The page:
Even more attention was attraction by a Facebook group page created to convince people to go to the police. “Ik doe aangifte tegen Wilders”  (“I will report Wilders to the police”) was liked by over 99.000 Facebook members, who initiated actions for mass police reports and posted pictures of their reports.

The Public Prosecution Service (OM) announced last week that more than 5000 people reported Wilders’ statements to the police. Another 15.000 complaint officially. The police forces were unable to administrate the unexpectedly high number of reports individually and decided to create a standard form to speed up the process.

Among the complainants  were local politicians, such as the entire council of the cities of Nijmegen, Zwijndrecht, Woerden and Meppel. Pieter Klein, chief editor of one of the biggest news broadcasting agency´s in The Netherlands, RTL Nieuws, publicly criticized Wilders in an open letter under the title ´Geert, ga je schamen’ (´Geert, be ashamed of yourself´). NRC, one of the biggest national news papers, also criticised Wilders´ actions.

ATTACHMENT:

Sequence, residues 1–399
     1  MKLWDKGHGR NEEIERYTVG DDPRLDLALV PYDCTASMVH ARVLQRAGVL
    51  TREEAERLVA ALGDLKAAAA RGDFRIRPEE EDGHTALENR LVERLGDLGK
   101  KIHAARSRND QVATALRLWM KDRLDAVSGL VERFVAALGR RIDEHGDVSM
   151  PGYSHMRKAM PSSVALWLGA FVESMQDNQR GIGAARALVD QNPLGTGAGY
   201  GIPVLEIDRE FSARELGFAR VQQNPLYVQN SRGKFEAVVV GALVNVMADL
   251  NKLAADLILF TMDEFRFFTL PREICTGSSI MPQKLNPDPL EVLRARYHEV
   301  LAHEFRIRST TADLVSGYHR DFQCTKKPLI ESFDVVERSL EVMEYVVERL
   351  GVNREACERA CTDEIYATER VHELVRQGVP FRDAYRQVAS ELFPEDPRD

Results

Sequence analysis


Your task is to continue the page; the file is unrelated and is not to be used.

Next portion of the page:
Meanwhile at Uni
Indignation marked the reactions of students all over the country. Kyra Bos (22, student International Development Studies at the University of Amsterdam): “We are angry, emotional and upset about Wilders’ statement. We immediately felt like we needed to do something”, writes Folia Web. And so the student decided to initiate a demonstration in the nation’s capital city, which was attended by an estimated number of 5000 protestors.

Robin Alberdinus Vlieger and Marlies van Liempt, students at Maastricht University, felt a similar need and organized a demonstration in the southern-most city of The Netherlands. “Whether it is legal or not, I don’t know, but it is an opportunity to transmit a message. We need to show that we as students do not accept this”, the students tell to De Observant Online. The boards of universities, such as the Radboud University Nijmegen, agreed and went to the police too, writes Universe Online.